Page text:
To say that we live in the Golden Age of Browsers is mostly an understatement. All the major web browsers are good; fast, secure, packed with usable features, with dependable webpage rendering. And they’re free.
Look up and down the line of browsers from Apple’s Safari to Google’s Chrome, from Mozilla’s Firefox to Opera– there’s not much to not like about each one, though each has a distinct personality, slightly different user interface, and different customization options.
So, why would a sane person enter the market with yet another web browser?
I don’t know but it doesn’t matter. Vivaldi brings a new look and noticeable speed improvements to the already overcrowded web browser market. The guy behind Vivaldi is Opera’s former CEO Jon von Tetzchner. Vivaldi is based on Google’s Chromium project but looks and feels much different than any browser you’ve used recently.
Vivaldi boasts the basics of webpage browsing. It’s clean and fast.
Vivaldi claims to be for browser power users but the speed, simplicity, and elegance might attract other users. It’s the only Mac browser I’ve used in recent years that appeared notably faster at rendering web pages than Safari or Chrome.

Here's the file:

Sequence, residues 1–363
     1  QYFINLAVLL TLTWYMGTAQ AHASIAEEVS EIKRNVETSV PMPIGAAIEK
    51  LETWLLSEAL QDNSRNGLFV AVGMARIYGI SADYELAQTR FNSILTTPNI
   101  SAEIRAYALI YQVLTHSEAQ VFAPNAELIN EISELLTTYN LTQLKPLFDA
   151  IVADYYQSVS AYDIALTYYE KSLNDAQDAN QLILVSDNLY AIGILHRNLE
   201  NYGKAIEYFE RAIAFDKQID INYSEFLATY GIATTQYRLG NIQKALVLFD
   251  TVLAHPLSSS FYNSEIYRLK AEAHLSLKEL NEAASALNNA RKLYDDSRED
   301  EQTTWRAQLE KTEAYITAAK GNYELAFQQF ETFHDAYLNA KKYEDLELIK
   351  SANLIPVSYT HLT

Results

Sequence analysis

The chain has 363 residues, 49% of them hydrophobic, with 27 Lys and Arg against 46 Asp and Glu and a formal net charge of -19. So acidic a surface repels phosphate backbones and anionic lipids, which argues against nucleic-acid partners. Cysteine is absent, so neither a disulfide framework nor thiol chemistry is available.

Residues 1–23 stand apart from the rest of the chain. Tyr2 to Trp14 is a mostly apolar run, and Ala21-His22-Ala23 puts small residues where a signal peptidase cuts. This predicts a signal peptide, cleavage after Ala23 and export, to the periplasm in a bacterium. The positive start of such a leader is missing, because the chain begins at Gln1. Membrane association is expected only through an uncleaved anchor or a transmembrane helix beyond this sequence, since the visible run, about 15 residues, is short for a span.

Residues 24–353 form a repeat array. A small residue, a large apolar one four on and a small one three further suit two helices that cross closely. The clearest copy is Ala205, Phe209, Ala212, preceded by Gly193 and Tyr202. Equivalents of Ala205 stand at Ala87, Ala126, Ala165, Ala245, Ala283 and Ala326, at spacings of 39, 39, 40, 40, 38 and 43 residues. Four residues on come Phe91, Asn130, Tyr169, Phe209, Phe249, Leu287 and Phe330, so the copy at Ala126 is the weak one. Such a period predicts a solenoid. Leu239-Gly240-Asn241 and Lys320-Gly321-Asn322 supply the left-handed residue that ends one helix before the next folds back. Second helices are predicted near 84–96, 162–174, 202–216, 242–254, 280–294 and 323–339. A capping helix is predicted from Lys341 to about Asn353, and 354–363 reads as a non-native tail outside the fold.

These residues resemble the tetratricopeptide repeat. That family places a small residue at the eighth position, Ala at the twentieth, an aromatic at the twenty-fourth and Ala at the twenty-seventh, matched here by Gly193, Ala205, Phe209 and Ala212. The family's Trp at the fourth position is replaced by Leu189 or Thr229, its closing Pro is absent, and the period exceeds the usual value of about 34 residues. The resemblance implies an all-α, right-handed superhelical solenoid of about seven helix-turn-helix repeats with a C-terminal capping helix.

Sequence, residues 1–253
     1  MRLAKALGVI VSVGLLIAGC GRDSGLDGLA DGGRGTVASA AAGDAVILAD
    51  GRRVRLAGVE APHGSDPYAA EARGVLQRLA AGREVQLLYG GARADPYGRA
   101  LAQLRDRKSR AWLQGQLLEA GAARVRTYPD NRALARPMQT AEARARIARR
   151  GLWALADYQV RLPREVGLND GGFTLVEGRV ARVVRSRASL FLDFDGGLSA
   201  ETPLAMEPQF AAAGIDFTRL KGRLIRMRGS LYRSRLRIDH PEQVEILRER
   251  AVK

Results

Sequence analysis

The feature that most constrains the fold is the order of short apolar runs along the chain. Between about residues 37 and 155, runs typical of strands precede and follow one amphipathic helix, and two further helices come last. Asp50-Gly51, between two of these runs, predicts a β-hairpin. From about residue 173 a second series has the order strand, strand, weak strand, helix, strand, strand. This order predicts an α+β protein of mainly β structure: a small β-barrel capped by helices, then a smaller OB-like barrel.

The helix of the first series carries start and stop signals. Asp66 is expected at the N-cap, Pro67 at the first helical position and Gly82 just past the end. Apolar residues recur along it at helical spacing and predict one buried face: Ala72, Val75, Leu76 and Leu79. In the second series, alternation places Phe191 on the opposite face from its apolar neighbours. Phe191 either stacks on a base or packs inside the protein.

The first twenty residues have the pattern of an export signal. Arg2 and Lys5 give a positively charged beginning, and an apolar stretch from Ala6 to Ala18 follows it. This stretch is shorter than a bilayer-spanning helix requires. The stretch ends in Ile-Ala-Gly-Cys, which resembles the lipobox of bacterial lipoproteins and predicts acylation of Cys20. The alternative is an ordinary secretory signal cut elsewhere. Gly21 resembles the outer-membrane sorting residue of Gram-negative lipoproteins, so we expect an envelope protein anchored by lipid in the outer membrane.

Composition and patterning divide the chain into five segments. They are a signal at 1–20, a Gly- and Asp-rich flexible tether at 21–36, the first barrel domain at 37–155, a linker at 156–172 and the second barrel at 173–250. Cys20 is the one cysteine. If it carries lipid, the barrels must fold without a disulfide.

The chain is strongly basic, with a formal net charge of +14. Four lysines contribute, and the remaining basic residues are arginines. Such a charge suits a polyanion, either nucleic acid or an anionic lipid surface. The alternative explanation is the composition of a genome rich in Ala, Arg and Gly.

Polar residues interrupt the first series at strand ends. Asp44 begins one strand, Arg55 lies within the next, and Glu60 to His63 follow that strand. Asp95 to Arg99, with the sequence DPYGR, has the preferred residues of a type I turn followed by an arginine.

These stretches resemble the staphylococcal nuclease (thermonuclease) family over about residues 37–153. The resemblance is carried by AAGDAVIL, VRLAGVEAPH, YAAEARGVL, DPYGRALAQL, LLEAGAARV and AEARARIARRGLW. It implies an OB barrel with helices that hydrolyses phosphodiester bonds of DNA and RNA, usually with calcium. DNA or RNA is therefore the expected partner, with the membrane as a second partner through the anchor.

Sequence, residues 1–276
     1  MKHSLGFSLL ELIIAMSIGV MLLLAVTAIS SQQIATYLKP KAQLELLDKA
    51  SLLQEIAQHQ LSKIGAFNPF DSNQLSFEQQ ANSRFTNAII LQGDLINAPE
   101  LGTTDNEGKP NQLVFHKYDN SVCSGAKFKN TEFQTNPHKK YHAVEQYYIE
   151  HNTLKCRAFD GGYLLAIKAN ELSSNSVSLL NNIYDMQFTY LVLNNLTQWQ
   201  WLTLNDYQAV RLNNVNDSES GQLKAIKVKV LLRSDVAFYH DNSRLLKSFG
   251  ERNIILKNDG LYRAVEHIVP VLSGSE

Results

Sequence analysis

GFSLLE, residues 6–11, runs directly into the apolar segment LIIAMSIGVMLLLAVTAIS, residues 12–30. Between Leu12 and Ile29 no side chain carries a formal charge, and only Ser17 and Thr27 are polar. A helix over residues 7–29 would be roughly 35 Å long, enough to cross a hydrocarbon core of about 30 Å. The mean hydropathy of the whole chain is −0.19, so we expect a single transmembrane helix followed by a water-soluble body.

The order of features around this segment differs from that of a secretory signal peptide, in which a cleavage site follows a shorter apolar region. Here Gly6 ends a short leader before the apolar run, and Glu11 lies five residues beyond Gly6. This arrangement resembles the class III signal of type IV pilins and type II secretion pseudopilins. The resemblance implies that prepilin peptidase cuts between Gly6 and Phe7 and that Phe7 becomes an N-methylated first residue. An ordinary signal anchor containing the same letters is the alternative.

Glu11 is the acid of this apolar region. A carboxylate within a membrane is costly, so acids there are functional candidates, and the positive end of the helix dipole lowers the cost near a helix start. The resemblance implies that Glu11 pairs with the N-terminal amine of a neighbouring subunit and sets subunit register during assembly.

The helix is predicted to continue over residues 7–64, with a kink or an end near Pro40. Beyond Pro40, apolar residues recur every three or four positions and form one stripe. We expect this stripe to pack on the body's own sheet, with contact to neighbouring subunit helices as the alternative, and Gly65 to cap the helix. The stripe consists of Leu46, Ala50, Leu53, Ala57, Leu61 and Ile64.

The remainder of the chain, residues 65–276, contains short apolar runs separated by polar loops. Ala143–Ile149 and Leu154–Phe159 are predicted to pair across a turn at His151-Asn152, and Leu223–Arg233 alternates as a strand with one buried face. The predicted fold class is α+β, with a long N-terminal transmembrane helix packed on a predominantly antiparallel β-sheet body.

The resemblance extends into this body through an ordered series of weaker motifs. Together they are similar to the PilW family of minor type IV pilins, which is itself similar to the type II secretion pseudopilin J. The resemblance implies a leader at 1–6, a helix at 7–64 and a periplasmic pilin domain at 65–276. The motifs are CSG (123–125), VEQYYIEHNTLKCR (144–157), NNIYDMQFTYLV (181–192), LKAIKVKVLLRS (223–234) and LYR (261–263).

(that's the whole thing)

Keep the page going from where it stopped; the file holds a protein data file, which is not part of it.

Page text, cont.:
What Vivaldi does not have is bells and whistles. Unlike Safari, Chrome, or Firefox extensions or add-ons, Vivaldi seems bare but modernesque, in an iOS 8 or OS X Yosemite way. For the rendering engine, Vivaldi’s team chose Google’s foundation, rather than Mozilla’s engine or Safari’s WebKit.
Browser tabs turn color to kinda sorta mostly match the color scheme of the webpage. The Quick Commands tool is reminiscent of Spotlight on a Mac. Some buttons don’t work yet (Mail, for example), but the overall feel is good. Vivaldi won’t take long to set up as settings are nominal.
One thing missing in Vivaldi that I would like to see is a focus on security, rather than on standardized bells and whistles like email or extensions. Vivaldi will never top what is available for Chrome or Firefox, so why not go in a different direction? Speed and security.